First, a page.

6. You can call them Racist but I think of them as Based. I lived/worked there for a few years and they are 91% Han and unified. Much like the USA of old. The left calls any non POC nation racist that doesn't glorify it's minorities at the expense of the majority. China is highly Unwoke and I admire that about them.

    7. If I were a lifelong Chinese dictator, I would look at the problem from the other end, like Alexander the Great looked at the Gordian's knot.

      Death age and death rate can be managed you know, especially in an era of pandemics affecting elderly.

  2. "In theory, countries can offset the impact by improving labour productivity and capital investment..."

    In theory, a country can offset the impact of a declining birthrate by, for example, encouraging immigration.

    Fat chance of that happening in today's China.

    But, as far as problems facing China are concerned, the declining birth rate, automation and an aging population are only a few of them.

    Just to mention a few more off the top of my head:

    China has massive debt, associated with both non-productive real estate and over-leveraged businesses. Supply chains are moving out of China as the world has realized that it is overly dependent on Chinese sourcing. Chinese manufacturing has been and will be deeply impacted. China has never solved its natural resources problems and it is dependent on Middle Eastern and other foreign sources of oil to keep its factories and vehicles running. Foreign oil requires a navy and protected sea lanes, which China does not (yet) have and are very expensive to maintain. China also has major environmental problems, not limited to the CO2 emissions problems relating to the Paris accords. China is also exposed to serious human rights concerns and instability, in Hong Kong and in western China. And then there are the ramifications of the covid pandemic. This is a brief and hardly exclusive list of the challenges facing China.

    A few years ago there was a popular book circulating called the Accidental Superpower by Peter Zeihan which convincingly describes the geopolitical and natural advantages of the United States, especially as compared to China. I highly recommend it, although celebrating our enormous advantages as a country today is hardly politically correct.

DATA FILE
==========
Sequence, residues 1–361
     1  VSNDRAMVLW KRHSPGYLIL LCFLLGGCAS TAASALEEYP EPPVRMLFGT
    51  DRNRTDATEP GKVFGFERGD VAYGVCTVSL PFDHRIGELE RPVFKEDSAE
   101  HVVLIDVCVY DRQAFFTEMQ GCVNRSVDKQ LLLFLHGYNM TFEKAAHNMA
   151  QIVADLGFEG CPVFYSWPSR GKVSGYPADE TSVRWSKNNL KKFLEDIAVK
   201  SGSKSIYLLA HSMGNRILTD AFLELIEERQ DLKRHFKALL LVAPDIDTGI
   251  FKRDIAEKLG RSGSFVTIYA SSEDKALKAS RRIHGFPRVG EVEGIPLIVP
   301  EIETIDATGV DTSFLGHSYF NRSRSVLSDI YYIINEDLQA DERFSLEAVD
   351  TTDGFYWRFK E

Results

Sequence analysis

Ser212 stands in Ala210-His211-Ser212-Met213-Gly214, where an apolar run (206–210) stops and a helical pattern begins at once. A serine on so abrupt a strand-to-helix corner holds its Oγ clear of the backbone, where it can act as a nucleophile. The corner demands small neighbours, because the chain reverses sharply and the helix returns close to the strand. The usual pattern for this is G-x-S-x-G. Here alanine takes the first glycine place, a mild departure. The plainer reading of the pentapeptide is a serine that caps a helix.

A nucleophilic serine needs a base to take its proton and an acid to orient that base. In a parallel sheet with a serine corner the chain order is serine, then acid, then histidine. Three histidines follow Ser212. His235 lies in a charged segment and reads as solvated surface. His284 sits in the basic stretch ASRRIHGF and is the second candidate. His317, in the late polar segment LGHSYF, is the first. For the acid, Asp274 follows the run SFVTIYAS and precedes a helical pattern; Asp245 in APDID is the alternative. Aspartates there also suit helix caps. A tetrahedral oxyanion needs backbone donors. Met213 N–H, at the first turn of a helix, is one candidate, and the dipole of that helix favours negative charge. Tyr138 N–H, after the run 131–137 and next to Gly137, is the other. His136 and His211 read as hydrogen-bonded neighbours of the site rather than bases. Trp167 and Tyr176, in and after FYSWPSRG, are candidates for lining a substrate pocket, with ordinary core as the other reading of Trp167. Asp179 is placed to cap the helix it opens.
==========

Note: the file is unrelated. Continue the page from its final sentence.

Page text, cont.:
1. China’s market has long been Ahab’s Great White Whale, but for some Ahab won, although at a great cost that goes far beyond profits.

  3. Tangentially, China Zhou announced a "China Task Force" today with the amorphous objectives of "charging forward" and "winning the competition" with China. The task Force will NOT issue a final report we're told. We're left to guess what the true intent is, presumably to find more abject ways of following China from behind.

  4. O/T but related, I read that in Muslim countries birthrates are around 8:1 that of US, UK & EU, but high infant mortality.

    More importantly,similar birthrates happening in Muslim communities within* US, UK and EU seeing infant mortality rates (of course) in line with those of each country, respectively.

    In other words, the birth trajectory of those of Muslim religion is currently pacing to "breed out" non- Muslims. I will see if I can find that link.

    1. Dave, that "information" seems clearly wrong. Several important Muslim countries are below or nearly so re replacement (Iran, Turkey, Indonesia, Bangladesh, Morocco).

      Demographic Trends in Muslim Countries

    2. Demographic trends globally show that with the exception of a few African countries, most nations now face populations trends that do not sustain replacement.
      Living and working in East Asia for several years, it seemed that as many of these nations became more prosperous, populations declined as women became increasingly interested in careers and starting families much later. This trend is seemingly borne out globally.
      If memory serves, China aborted females for male heirs during the one child policy years. Females were finally being brought in from Manchuria, generally not Han Chinese, as authorities feared a restless, young male population.
      In any event, long-trend models show significant population numbers for most countries, Japan has lost about 25% of its population for example, and China is predicted to lose similar numbers of the next 50-100 years.

    3. Those changes in demographics change the whole structure and dynamic of a society. This is what China is about to experience, as well as other countries in Asia.

  5. @Mark, thanks: I found the link with 'information'. Its interesting how the brain works. I read that 'article' months ago accepted it subconsciously and went on.

    Revisit today and its from a site that is so patently 'anti' it doesn't warrant a second look, let alone a link.

    Thanks for calling it out -

  6. I understand there are a lot of refugees around the world that might be amenable to immigrating to China.

  7. The US' population situation actually is reason for a positive look at immigration rather than a negative one.

    But PJBuchanan's warning should be observed: allow and encourage immigration from CULTURALLY-COMPATIBLE countries. Muslim/Hindu are--frankly--not compatible with the Judaeo-Christian culture.